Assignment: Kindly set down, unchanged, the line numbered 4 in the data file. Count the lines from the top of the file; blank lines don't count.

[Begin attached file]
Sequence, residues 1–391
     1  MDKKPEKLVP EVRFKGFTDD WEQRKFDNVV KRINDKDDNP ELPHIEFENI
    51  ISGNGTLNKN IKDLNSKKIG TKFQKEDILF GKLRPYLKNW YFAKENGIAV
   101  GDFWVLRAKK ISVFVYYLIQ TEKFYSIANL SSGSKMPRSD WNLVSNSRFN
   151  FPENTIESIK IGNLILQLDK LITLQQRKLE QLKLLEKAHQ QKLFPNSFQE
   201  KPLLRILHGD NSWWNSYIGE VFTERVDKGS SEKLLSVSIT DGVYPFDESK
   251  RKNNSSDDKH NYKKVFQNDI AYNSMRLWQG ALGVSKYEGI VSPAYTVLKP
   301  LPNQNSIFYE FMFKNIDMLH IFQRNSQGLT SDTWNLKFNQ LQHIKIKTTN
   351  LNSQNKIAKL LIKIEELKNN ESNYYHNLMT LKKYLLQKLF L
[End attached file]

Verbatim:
   101  GDFWVLRAKK ISVFVYYLIQ TEKFYSIANL SSGSKMPRSD WNLVSNSRFN